Andrew Santella has an interesting piece on Slate.com about Americans’ consumer approach to churches (The Church Search: Why American churchgoers like to shop around). He makes a few standard observations about the angst often showed towards the phenomenon—go to just about any church and you’ll hear warnings about the dangers of such “spiritual consumerism” and “not being planted.” He likewise points out that the American marketplace approach to church largely traces back to the constitutional prohibition against official state religion, both allowing and forcing churches to fight for parishoners.
Perhaps most interesting is that he observes the many ways that churches are attempting to expand their memberships (focus groups, surveys, giveaways, even “mystery worshipers”), only to then quote Roger Finke and Rodney Stark’s The Churching of America, 1776–1990 in support of the idea that such “capitalist” approaches to ministry trace back to the prohibition against state religion. Though he does point out Barna research to the effect that much of the “strip-mall faith” being marketed is less effective than it may seem, he neglects to mention arguably the most important conclusions of Finke and Stark’s book:
1) (in the words of Liz Clark’s summary) “Religious movements demanding adherence to strict doctrine and practice grow, while groups modernizing their doctrine and embracing the values of wider society decline … a claim that runs counter to the prevailing secularization hypothesis. …. Religions thrive best when costs are high and alienation from the larger society great, as was the case when Christians were subject to persecution. Cost-benefits analysis shows that ‘expensive’ Christianity was perceived as a good inevestment: although Christians gave much, they also received much from their community, not least of which was the assurance of a blessed afterlife.”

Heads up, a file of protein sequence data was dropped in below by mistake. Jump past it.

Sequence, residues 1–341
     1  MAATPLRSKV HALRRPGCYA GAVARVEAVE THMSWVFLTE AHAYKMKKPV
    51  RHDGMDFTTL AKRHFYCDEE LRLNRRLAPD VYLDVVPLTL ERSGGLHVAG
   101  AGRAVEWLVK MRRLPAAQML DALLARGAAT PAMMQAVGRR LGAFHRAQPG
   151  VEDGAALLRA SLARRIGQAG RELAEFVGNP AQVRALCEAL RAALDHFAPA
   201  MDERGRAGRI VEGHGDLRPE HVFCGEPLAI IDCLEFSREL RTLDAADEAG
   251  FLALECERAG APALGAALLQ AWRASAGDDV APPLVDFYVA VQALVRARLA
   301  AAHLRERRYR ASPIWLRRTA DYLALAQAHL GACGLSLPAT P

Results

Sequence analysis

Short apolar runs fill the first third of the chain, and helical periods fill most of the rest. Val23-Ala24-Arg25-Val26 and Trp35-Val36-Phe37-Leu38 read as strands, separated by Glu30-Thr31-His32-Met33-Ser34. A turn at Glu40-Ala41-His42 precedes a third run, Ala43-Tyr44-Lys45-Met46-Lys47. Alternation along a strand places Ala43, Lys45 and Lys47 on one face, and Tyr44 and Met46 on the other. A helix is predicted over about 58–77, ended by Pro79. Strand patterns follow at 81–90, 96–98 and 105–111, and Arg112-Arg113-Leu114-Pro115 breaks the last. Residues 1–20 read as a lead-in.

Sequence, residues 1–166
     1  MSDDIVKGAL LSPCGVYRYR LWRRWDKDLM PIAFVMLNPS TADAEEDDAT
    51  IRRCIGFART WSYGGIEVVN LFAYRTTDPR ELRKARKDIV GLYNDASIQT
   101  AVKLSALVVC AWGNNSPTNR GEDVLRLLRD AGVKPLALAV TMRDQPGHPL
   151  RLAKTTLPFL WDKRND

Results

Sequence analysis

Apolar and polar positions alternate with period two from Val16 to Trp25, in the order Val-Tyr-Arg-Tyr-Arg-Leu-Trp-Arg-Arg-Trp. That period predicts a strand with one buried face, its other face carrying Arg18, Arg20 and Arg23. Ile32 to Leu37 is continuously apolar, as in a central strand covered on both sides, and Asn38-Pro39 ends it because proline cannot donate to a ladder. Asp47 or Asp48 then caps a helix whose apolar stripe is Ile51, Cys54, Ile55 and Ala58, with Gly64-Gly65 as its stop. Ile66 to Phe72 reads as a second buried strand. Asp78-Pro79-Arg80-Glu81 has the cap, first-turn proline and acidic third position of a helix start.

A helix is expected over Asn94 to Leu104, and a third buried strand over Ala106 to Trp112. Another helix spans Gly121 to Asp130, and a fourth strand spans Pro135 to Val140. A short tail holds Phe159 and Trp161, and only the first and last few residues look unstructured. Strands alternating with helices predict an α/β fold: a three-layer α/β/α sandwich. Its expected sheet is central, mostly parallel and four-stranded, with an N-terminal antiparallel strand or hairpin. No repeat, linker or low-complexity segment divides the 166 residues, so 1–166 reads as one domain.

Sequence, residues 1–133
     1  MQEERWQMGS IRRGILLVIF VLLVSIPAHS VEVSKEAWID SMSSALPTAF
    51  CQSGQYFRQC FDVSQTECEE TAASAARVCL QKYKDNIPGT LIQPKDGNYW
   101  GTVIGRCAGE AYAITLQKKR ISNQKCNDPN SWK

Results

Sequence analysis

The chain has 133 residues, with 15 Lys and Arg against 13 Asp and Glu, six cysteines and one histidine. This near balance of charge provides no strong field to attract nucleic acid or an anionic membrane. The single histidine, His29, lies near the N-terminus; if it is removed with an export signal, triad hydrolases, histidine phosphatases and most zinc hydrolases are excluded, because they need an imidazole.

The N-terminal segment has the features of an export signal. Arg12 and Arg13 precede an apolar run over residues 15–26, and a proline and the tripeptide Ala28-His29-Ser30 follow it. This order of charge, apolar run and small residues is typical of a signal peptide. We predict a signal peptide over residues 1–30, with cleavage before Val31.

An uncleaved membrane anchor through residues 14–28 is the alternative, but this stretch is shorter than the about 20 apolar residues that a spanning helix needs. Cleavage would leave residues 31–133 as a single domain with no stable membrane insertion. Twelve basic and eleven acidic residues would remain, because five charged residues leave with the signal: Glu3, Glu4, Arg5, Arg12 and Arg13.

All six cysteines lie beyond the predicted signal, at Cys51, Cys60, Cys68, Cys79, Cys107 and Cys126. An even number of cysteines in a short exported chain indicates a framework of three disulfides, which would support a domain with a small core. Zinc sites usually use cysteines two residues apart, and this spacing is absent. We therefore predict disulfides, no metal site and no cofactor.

2) Most conversions trace to social network connections, suggesting that churches that want long-term growth should focus on friendly and loving interpersonal relationships both with those inside the group (making the group attractive) and outside the group (providing the necessary connection from outside to inside). Stark’s 1996 book, The Rise of Christianity: A Sociologist Reconsiders History, points out that there is no evidence for a massive, organized Christian mission program in the period of high growth in the first few centuries after Christ.
These conclusions are extremely significant in an era of capitalist approaches to religion. What is interesting is that they militate against the “modern” marketing methodologies being followed by many churches today. If Stark’s research is to be believed, the best move a church or religious group can make today is to uphold its doctrine stubbornly, emphasize strict insider/outsider boundaries, make strong demands on behavior, and focus on interpersonal care and concern for one another. In other words, “good, old-time” Christianity, making “expensive” demands on its members, still remains the most sociologically likely to see long-term success.